What you need to know about cryptocurrency and rising inflation
Here’s what investors, experts, and everyday Americans gathered around the dinner table are saying about inflation.
U.S. inflation rates reached a 40-year high in February,1 and there's a growing consensus among experts that inflation is currently a key threat to the economy.2
President Joe Biden acknowledged this consensus in his State of the Union address on March 1, saying: "Too many families are struggling to keep up with the bills. Inflation is robbing them of the gains they might otherwise feel."3
These inflation concerns leave people with many important questions: What's causing inflation? Is it only temporary? If not, how am I going to change my spending plan? How am I going to change my savings plan?
Here’s what investors, experts, and everyday Americans gathered around the dinner table are saying about inflation, and how a role for cryptocurrency is becoming an interesting part of the conversation.
What's causing inflation?
There are a number of reasons for rising prices, many of them with roots in the COVID-19 pandemic. Expansionary monetary policy during the pandemic increased the U.S. money supply by 40% over two years.4 Continuing supply chain disruptions led to high consumer demand that at times outpaced supply.5 As if that weren't enough, the Russian invasion of Ukraine led to increasing oil prices, just when many Americans were starting to leave their houses and fill their gas tanks.6
For a time, officials like the Fed's Jerome Powell argued that inflation was transitory.7 However, upward pressure on prices now appears to be more than just temporary, with the Fed admitting in December 2021 that 'transitory' was no longer an accurate descriptor when talking about inflation.8
Americans are paying attention and are changing their behavior accordingly by reducing spending. In the last year, 63% of Americans have reduced spending on dining out at restaurants, 56% reduced spending on entertainment, and 51% reduced spending on travel. In addition to these changes in discretionary spending, nearly half of Americans have also been forced to cut back on essentials like clothing and groceries as they look for ways to cut back on bills.9
When those bills do arrive, Americans are putting off paying them; nearly one in five Americans have delayed payment on a credit card bill in the past year as a result of rising inflation.10
How is crypto part of the inflation conversation?
Changes to spending are certainly an important consideration during times of high inflation, but spending is only half of the battle. The other half is considering the best ways to save and invest money in a way that stores value. If your investments are growing at rates that are lower than inflation rates, you're effectively losing purchasing power—even if the number on your balance sheet is growing.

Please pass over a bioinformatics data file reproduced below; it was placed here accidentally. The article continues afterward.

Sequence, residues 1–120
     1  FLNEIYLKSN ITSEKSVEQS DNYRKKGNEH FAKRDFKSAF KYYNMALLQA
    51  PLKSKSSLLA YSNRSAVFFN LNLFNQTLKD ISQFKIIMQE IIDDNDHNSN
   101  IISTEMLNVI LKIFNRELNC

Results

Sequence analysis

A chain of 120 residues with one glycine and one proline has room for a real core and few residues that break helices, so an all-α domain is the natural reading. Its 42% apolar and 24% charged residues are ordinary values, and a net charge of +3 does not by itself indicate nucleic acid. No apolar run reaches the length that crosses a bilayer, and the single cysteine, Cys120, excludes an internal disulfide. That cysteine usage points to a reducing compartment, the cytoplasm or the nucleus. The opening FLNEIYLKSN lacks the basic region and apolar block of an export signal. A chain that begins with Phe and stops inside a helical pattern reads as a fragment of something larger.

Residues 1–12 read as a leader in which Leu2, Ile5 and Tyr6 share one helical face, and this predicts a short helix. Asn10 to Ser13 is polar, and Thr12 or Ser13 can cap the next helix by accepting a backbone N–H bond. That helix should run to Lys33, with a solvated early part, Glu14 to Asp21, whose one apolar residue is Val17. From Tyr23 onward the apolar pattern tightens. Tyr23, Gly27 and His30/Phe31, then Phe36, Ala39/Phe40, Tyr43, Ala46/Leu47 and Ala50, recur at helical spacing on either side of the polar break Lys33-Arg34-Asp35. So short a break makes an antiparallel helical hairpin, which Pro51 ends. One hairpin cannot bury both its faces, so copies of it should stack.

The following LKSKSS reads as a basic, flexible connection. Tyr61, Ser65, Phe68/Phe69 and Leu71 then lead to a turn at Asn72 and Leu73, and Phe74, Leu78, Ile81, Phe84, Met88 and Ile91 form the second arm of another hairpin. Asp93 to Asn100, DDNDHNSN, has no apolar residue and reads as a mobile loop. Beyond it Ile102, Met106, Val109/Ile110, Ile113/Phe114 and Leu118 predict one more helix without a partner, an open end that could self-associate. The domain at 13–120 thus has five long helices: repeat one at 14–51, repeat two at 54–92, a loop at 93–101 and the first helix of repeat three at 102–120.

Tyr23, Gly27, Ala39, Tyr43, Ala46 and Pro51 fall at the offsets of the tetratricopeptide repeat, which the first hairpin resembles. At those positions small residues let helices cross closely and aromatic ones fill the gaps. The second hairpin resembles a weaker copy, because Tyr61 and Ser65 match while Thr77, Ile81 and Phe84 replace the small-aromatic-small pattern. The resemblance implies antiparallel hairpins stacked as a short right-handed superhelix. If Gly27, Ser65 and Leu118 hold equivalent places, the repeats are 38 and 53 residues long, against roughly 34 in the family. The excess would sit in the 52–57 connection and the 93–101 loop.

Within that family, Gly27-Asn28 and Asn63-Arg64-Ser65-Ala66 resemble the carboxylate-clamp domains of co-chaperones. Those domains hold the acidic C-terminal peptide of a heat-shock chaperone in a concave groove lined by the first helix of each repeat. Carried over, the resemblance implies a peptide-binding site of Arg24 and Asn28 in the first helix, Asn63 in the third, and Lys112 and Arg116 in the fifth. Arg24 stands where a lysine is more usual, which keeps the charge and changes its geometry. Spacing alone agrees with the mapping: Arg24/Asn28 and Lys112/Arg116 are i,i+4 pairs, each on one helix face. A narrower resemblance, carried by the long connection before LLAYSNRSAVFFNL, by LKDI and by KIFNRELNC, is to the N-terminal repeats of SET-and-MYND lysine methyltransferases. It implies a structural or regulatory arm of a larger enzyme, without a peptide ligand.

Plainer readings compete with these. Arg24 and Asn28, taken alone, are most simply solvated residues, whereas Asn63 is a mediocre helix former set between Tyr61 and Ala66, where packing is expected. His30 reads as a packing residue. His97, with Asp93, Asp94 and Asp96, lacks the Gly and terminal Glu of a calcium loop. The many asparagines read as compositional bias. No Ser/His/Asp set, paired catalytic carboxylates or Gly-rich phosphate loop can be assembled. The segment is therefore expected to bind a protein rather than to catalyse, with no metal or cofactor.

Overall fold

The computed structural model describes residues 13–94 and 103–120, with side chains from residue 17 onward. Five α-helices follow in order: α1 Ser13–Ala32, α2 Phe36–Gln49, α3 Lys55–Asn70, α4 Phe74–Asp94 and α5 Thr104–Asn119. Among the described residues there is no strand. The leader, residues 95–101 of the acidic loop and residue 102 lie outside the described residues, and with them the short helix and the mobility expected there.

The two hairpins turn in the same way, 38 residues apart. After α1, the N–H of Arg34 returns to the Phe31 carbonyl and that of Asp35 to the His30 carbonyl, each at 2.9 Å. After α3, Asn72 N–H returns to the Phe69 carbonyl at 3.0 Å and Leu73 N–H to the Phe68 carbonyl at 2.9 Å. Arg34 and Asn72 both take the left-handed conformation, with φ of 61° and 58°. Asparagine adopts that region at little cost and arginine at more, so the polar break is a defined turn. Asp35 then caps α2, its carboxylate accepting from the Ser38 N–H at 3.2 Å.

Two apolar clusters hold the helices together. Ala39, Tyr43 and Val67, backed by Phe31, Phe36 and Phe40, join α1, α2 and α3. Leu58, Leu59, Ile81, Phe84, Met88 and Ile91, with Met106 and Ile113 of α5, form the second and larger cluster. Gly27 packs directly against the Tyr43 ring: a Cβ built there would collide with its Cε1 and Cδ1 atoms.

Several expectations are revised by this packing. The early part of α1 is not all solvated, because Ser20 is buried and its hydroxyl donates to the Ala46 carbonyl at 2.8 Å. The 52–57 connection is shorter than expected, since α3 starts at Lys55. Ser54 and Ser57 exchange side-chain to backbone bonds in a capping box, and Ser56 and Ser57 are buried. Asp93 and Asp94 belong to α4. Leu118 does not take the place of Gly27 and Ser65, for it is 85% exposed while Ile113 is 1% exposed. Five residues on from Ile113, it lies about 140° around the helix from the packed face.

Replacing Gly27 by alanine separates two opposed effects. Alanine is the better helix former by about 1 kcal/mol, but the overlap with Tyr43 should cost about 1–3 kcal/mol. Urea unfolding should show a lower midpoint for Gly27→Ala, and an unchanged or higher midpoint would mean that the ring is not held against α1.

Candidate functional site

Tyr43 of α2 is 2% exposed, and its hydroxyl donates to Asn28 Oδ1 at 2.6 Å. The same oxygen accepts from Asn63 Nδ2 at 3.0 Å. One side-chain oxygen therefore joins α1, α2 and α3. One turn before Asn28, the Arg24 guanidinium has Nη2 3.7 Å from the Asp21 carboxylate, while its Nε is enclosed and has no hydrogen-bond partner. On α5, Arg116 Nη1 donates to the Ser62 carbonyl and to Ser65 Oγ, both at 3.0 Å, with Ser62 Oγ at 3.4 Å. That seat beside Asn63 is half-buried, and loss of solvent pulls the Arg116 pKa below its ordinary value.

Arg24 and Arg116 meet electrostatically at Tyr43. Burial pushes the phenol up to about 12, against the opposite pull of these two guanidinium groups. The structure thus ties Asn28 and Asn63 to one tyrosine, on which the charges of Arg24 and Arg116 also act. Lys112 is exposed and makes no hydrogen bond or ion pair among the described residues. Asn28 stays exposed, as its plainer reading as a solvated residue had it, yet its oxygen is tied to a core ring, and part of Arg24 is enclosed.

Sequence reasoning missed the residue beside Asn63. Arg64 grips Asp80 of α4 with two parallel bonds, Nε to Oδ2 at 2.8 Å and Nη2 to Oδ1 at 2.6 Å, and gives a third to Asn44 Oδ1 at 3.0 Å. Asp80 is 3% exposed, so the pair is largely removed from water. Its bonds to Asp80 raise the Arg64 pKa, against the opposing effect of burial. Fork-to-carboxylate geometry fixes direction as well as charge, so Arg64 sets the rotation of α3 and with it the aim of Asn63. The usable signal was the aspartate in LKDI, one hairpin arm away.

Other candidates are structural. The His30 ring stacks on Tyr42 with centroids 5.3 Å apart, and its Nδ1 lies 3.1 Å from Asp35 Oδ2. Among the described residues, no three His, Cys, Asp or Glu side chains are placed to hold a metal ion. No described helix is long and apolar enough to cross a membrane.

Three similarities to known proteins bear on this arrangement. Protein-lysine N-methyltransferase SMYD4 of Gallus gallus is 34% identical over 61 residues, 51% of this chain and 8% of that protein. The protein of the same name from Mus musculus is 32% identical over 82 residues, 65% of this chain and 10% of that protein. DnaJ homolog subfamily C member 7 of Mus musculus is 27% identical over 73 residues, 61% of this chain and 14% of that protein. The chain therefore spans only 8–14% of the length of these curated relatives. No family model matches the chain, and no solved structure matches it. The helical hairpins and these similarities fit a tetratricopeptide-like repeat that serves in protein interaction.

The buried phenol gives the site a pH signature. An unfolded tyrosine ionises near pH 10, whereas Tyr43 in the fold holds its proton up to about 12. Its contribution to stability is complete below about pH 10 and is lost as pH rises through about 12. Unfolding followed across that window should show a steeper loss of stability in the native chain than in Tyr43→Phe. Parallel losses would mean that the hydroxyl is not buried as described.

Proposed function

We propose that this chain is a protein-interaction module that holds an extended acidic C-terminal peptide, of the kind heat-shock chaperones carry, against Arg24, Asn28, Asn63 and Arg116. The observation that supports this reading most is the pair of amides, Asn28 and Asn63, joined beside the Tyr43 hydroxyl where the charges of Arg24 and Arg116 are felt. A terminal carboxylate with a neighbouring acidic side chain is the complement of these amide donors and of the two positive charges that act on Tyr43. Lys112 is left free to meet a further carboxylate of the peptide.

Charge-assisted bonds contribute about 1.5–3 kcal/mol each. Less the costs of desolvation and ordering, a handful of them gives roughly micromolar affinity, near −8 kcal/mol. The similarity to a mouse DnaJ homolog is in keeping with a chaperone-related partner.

That's where crypto comes into the conversation.
During times of uncertainty, investors often flock to gold, which has both inherent value as well as fixed supply (governments may be able to print more money, but there's only so much gold out there).11 But when it comes to seeking out "store of value" investments, there's another player in town these days: bitcoin.
In an October 2021 note shared with investors, JPMorgan shared that “Institutional investors appear to be returning to Bitcoin, perhaps seeing it as a better inflation hedge than gold," Fortune reported.12 And in January 2022, Goldman Sachs reported that bitcoin had already captured 20% of the "store of value" market.13
Is bitcoin the new gold?
The comparisons to gold highlight a key similarity between bitcoin and the precious metal: like gold, bitcoin has a fixed supply. It's capped at 21 million bitcoin. (Other cryptocurrencies have an unlimited supply, which may be why professionals talking about using cryptocurrencies as a store of value often specifically reference bitcoin). It's also borderless and has no centralized control.14
However, some professionals are quick to point out that bitcoin is also different from gold in many ways. For one thing, bitcoin's historical price record is much more volatile. A UBS report notes that adding bitcoin to a portfolio between 2016 and 2020 would provide higher returns, but also much greater volatility.15 Individual investors would have to evaluate what type of volatility profile they're comfortable with.
What do everyday investors think?
No matter the conclusion, it's not just experts that are talking about cryptocurrency as a "store of value" investment.
Forty percent of people who own cryptocurrency said that rising inflation significantly or somewhat increases cryptocurrency's appeal, and 48% of U.S. gig workers say inflation has made them more open to getting paid in crypto.16
It may not be the right move for everyone, but it's clear that when it comes to "store of value" investments, bitcoin certainly has a place at the table.